• Increased car insurance costs
  • Losing your job
  • The shame of having a criminal record
  • Losing your independence
  • Trouble getting into countries such as the USA

It is estimated that a drink driving conviction can cost from £20,000 to £50,000 as a result of fines, solicitors' fees, increased car insurance costs and impacts on employment.

The following day

Be aware that you could still be over the limit the day after drinking. Sleep, coffee and cold showers don't help you to sober up – time is the only way to get alcohol out of your system.

There is no excuse for drink driving: alcohol affects everybody's driving for the worse. It creates a feeling of overconfidence, makes judging speed and distance more difficult, and slows your reactions so that it takes longer to stop. 'Only going down the road' is not an excuse – a large proportion of all drink drive crashes occur within three miles of the start of the journey.


Safe Shopping

Crowds, noise, aching feet and demanding children can all make shopping stressful. But whatever’s going on around you, be sure to stay alert – opportunist thieves are always on the prowl.

15 Top Tips for Keeping Things Safe

  1. Never leave your bag unattended in shopping trolleys or baskets, pushchairs or mobility scooters.
  2. While walking about, keep your bag close to your body and closed at all times. Choose one with zip fastenings and keep your valuable items well hidden inside, out of easy reach of pickpockets.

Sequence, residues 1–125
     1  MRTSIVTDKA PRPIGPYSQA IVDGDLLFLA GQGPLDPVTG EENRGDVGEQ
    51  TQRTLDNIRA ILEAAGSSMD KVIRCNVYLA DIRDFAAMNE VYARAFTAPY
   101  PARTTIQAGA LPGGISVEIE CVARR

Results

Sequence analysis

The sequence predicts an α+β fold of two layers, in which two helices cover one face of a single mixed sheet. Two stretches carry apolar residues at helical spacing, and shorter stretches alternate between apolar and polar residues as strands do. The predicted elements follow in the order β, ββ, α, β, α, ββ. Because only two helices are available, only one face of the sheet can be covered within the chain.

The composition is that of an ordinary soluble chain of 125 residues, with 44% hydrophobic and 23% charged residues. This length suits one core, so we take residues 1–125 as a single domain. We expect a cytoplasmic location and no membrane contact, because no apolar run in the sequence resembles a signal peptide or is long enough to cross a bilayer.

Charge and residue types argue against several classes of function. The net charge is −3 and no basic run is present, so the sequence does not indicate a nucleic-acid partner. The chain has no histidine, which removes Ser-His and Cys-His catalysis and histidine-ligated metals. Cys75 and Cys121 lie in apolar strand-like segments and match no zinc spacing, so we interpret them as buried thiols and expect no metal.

3. Bells can be attached to your purse that will jingle to alert you if someone takes it out of your bag. You can buy them online quite cheaply, just search for ‘purse bells’.
  4. Keep the amount of valuables in your bag to a minimum – avoid carrying large amounts of cash.
  5. In public toilets, don’t put your bag on the floor – it could be snatched from under the door. If there is a hook on the back of the door, use that.
  6. In cafes and restaurants, never hang your bag on the back of the chair where you can't see it. Keep it on your lap, between your feet or secure the strap around a chair leg.
  7. On public transport, always keep your bag where you can see it. Don't put it under the seat.
  8. Carry a rucksack on your front, not your back, otherwise someone walking behind you could be taking things out of it without you knowing.
  9. Never leave phones, purses or wallets on the table in a café or pub – small items are easily swiped when your attention is diverted, even for just a second. Check out our advice on how to protect your phone in case it does get stolen.
  10. If you’re not making a call, keep your phone hidden – don’t advertise the fact that you’re carrying an expensive piece of equipment.
  11. Don’t carry your wallet in your back trouser pocket – an experienced pickpocket can remove it without you feeling a thing. If your pockets have zips or buttons, keep them fastened once your wallet is inside.
  12. Use a chain or lanyard to secure your purse to your bag and prevent someone from dipping in and removing it.
  13. Never keep your PIN numbers written down and stored in the same place as your cards – just in case the worst happens.
  14. Be mindful of distractions – thieves often work in pairs, one diverting your attention by asking you something, bumping into you or ‘accidentally’ dropping something, while the other steals from your bag or pocket.
  15. If you want to leave shopping in your car, put the bags in the boot – don’t leave them where they can be seen.

Don’t give thieves the chance to bag your belongings!